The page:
From Your Ever

                                                                                Loving son

                                                                                     Raymond

 

*This refers to the local baker daughter, Rita Mary Scholes, who had died aged ten years old.

 

Below are four rows of kisses for his young brothers. Leslie and Larry

That would have been the end of his initial full-time training and he would have been a part-time soldier from then on, rather as in the Territorial Army today. He would have had to have had a full-time job and by the 1911 Census he was back in Ringstead working in a local factory as an “Army Boot Stitcher”. The days of the home based hand-sewn army boot makers are numbered and his father, now 45, is unemployed.

There is a letter written in 1912 although the date is rather ambiguous. In it Raymond tells his parents:

They gave us our own insurance cards yesterday, and they are going to put two stamps on it, and they stop us 8d. Dad might ask Joe Smith, about me going in the Trade, so when you write let me know what he says. I hope Leslie and Larry are alright. I am sending another order for 5/- as that is better than losing it. I am glad Dad done alright at Thrapston.

It is possible that this letter was, like the others from the army while he was doing the compulsory annual training, but it may be that Raymond was working away from home in a factory, perhaps in Northampton.

The 1911 National Insurance Act introduced the idea of benefits based on contributions paid by the employed persons and the employer. Stamps were put onto a card and if a person lost their job they were “given their cards” to pass on to the next employer. At first this was for unemployment benefit only and a scheme ran alongside it administered by “approved societies” which could include trade unions. I think that the “trade” that Raymond mentions in his letter means trade union and we know that he joined the National Union of Boot and Shoe Operatives and his card for 1913/1914 seems to be filled in until the end of December 1913 but from January 10th 1914 it appears that he does not pay his eight pence weekly contribution .The collector seems to have signed each week across the Sick Pay and Unemployed Pay columns. Was Raymond out of work or was he taking part in the military training exercises of 1913?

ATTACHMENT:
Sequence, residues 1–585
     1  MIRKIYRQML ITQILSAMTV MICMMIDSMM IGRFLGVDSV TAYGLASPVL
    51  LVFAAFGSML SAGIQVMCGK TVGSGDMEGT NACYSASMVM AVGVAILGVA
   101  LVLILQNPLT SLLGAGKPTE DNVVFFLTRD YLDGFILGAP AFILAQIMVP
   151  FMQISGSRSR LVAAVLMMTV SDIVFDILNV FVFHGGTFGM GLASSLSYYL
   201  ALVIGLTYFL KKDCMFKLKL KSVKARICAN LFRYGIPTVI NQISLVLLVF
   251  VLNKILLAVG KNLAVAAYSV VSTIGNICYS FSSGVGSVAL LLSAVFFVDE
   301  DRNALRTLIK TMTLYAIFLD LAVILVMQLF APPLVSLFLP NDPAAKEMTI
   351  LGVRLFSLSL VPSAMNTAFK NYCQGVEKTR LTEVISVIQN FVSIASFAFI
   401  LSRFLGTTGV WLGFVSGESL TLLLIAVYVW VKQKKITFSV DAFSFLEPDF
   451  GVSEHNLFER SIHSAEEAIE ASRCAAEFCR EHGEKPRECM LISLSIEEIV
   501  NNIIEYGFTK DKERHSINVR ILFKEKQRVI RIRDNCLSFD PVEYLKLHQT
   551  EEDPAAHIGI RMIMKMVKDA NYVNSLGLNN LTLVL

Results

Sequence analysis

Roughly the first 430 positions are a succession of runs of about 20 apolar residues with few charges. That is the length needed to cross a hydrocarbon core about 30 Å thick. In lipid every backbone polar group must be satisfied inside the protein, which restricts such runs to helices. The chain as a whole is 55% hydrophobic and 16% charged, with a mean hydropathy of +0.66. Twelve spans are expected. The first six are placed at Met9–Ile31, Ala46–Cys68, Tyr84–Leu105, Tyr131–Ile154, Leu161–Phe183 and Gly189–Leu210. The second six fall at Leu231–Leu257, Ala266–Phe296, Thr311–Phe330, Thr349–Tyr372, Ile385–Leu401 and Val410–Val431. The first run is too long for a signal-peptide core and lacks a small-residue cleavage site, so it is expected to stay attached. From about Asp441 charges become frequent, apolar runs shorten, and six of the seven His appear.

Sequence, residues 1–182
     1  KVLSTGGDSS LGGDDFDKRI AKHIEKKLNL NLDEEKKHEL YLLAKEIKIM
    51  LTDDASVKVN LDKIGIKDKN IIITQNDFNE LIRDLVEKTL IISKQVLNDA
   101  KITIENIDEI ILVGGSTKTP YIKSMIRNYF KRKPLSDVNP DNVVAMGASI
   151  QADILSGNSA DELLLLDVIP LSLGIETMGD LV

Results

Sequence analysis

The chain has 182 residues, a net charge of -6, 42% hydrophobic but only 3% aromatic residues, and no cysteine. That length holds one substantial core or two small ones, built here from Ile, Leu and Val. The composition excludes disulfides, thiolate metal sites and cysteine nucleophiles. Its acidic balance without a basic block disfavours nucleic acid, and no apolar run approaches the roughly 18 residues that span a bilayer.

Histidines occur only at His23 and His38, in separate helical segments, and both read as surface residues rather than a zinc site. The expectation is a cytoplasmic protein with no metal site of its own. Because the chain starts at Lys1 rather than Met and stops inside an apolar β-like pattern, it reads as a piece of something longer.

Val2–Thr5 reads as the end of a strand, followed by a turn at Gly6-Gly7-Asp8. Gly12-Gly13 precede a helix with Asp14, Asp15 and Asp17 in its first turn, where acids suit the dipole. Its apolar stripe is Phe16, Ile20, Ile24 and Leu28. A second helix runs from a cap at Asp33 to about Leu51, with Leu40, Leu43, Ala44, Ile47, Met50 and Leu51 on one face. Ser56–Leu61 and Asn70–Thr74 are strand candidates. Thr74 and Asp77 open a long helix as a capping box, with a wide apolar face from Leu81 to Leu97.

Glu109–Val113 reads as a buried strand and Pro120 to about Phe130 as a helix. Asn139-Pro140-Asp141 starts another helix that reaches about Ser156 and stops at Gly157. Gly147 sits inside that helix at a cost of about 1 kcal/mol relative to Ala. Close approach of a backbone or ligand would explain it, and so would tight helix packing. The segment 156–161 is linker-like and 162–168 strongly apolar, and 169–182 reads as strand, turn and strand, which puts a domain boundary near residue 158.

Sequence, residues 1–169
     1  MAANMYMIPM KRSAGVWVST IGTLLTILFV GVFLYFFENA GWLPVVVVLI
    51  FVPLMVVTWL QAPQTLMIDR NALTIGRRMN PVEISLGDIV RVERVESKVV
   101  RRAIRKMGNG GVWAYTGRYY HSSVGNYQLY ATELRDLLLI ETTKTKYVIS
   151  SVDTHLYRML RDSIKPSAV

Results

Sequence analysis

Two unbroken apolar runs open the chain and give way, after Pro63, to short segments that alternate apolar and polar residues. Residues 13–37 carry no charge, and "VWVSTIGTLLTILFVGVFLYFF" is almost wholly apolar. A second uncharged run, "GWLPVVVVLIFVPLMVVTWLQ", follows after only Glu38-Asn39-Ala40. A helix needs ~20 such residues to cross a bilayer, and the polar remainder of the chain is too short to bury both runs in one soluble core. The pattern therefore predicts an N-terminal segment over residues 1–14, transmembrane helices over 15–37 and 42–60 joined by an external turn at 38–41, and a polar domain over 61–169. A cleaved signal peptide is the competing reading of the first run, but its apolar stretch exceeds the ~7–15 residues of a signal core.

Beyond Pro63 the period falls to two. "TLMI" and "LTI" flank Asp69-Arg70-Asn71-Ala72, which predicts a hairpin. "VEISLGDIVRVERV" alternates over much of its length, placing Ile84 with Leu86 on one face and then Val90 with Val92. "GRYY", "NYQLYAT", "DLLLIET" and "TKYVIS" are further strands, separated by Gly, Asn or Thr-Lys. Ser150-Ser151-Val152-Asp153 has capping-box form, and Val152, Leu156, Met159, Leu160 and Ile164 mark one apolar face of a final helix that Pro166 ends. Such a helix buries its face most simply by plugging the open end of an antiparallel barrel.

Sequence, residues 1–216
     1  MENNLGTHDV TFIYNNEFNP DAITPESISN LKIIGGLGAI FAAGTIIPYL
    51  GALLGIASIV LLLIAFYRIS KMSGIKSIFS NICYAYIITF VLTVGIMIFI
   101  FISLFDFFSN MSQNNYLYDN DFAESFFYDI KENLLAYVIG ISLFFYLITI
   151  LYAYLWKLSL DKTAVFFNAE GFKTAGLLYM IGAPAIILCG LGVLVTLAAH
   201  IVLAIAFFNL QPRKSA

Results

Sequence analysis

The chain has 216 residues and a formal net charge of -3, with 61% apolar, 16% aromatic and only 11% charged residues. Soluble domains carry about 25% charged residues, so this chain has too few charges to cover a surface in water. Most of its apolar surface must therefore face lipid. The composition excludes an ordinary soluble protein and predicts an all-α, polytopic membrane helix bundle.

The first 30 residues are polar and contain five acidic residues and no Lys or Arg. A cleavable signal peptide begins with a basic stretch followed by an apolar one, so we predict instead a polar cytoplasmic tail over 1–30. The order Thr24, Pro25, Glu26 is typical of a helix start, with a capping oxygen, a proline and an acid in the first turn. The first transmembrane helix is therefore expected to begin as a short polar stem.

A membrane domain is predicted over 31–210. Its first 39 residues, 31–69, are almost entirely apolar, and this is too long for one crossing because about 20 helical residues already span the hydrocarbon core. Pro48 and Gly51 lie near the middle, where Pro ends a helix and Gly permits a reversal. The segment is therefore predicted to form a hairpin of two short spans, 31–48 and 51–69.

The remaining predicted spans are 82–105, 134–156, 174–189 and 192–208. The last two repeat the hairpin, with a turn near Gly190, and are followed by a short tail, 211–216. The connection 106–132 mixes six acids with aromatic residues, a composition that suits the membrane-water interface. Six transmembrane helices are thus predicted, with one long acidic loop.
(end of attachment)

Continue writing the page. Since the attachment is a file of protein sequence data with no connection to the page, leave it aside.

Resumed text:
On 8th August 1914 the Special Reservists were called up and Raymond would have reported to the Depot at the Gibraltar Barracks in Northampton. Raymond did not go with the main force of the 1st Battalion of the Northamptonshire Regiment to France. They had sailed on the S.S. Galeka, on the 12th August 1914 arriving at Le Havre on the following morning. Raymond would probably been on the second draft which was sent after the first major casualties were suffered by the Regiment. It consisted of some seventy men under the command of Lieutenant Ralph Davison. Raymond’s medal card shows that the arrived in the “Theatre of War” on 12th September 1914, although it was not until the 21st that the draft finally joined up with the 1st Battalion.

There is a tantalising note which seems to have been written by Raymond as he waited ready to go to France. Unfortunately it was scribbled on rough grey card in soft pencil and time and wear has made much of it is difficult to decipher.  It appears to say:

                                                                                Southampton [?]

                                Dear Dad [?] & Mother

                                Just a line hoping you are all well, as it leaves me the same.

I am writing this in the train [?] while it is in the dock [?] 

We sail [?] in the morning [Rest completely undecipherable].

                                                With Love

                                                                Ray

                                                                    X X X

 

Unfortunately this lack of clarity was also apparent in the official record of Raymond’s movements at the time and his mother, Emma, after his letters stopped, tried to find out what had happened to him. She received formal letters from the Infantry Record Office, the local Member of Parliament Stopford Sackville and the War Office assuring her that Raymond was not on any casualty list. This continued into 1915 and we are not sure when finally Arthur and Emma were told that their son had died just  a few weeks after he had arrived in France.